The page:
In recognition of the politically sensitive nature of the constitutional reform and transitional justice processes, and to their vulnerability to being exploited by nationalists, the government has put both of these issues on the backburner from the time that local government elections were declared. The last that was heard of constitutional reform was during the parliamentary debate on the report of the constitutional steering committee in October last year. The Office of Missing Persons which is at the centre of the current transitional justice initiatives has been in a state of limbo since its gazetting by the president in September of last year. Its commissioners have still to be appointed.
The halt to the reconciliation initiatives in the run up to elections is not surprising. The parties that comprise the government alliance are acutely sensitive to the fact that controversy on the subject of ethnicity and religion could spark of a polarizing debate to their detriment. As a result of not taking these reconciliation issues up, the election campaign does not have them as a main feature. Instead other national issues have taken the centre stage. At the helm of these is the Central Bank bond scam in which the former governor of the Central Bank and a former finance minister of the government have been implicated. This has been an ironic reversal as the government’s main campaign at the national elections of 2015, when it was in opposition, was good governance and anti-corruption.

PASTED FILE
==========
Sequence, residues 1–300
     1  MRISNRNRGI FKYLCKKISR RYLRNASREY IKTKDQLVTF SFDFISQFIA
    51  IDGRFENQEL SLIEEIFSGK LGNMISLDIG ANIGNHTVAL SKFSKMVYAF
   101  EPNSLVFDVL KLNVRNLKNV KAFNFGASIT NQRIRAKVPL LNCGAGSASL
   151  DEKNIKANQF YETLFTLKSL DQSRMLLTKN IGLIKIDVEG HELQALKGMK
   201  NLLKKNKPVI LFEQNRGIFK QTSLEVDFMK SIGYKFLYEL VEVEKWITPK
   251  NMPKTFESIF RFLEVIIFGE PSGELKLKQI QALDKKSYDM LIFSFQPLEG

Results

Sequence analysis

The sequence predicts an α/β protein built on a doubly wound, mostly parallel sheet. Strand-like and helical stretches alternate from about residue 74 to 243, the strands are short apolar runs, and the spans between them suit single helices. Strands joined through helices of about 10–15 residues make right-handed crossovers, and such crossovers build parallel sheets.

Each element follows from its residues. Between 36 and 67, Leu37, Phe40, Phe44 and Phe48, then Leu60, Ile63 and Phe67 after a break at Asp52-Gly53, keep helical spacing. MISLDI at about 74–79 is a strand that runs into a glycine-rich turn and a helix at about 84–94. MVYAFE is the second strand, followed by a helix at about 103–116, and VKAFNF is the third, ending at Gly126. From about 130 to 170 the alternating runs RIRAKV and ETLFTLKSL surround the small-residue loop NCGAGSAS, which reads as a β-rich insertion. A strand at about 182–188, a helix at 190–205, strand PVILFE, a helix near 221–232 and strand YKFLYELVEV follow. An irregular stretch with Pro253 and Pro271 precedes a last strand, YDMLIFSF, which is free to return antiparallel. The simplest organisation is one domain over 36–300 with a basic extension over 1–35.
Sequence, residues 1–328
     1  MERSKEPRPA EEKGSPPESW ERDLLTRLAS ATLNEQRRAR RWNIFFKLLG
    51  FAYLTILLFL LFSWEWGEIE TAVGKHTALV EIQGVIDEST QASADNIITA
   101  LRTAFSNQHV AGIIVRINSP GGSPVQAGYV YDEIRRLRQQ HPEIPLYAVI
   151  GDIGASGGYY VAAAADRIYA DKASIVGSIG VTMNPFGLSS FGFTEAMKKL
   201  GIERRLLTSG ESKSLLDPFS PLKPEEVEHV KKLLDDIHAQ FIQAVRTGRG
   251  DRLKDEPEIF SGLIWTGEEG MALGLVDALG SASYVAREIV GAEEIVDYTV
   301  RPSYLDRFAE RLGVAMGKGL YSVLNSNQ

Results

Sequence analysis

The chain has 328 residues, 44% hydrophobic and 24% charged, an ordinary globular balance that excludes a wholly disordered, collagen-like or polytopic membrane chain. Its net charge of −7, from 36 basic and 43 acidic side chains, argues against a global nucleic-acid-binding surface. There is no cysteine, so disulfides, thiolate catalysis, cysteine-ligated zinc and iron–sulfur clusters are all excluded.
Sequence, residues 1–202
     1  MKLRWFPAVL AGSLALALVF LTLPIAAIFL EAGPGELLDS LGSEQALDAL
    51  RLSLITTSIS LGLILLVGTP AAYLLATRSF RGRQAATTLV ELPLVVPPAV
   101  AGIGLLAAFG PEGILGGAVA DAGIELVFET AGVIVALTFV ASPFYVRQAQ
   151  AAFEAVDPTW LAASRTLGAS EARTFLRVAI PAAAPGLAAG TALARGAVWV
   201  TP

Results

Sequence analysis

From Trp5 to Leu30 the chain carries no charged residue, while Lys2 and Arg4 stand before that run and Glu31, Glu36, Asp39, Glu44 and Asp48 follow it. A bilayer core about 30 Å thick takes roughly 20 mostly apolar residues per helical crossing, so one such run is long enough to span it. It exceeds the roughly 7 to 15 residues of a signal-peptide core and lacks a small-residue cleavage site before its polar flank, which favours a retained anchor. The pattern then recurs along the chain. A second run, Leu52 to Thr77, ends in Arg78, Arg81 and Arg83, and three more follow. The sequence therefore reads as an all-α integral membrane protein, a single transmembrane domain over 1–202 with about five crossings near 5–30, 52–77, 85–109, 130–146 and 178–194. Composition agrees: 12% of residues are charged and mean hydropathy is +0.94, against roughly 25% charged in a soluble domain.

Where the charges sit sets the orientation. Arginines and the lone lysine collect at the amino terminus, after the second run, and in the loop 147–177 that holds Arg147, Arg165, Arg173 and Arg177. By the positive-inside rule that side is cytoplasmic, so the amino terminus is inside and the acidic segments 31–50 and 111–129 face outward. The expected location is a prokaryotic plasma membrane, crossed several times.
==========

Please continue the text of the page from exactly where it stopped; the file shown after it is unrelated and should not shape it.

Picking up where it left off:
However, the fact that the official reconciliation process is on the backburner does not mean it is not being considered as important by the government. Speaking to a Youth Parliament last week, Prime Minister Ranil Wickremesinghe said that the government would decide on its course of action with regard to constitutional reform after the local government elections. He said they would be making an effort to reduce the gaps between various proposals put forward by different groups and said “We will be looking towards devolving more powers to the provincial councils while bringing laws to prevent the division of the country.” This was an implicit acknowledgement that the divisive potential of the draft constitutional proposals which generated massive opposition from powerful sections of the polity, especially religious clergy, made it injudicious to bring it to the fore at this time.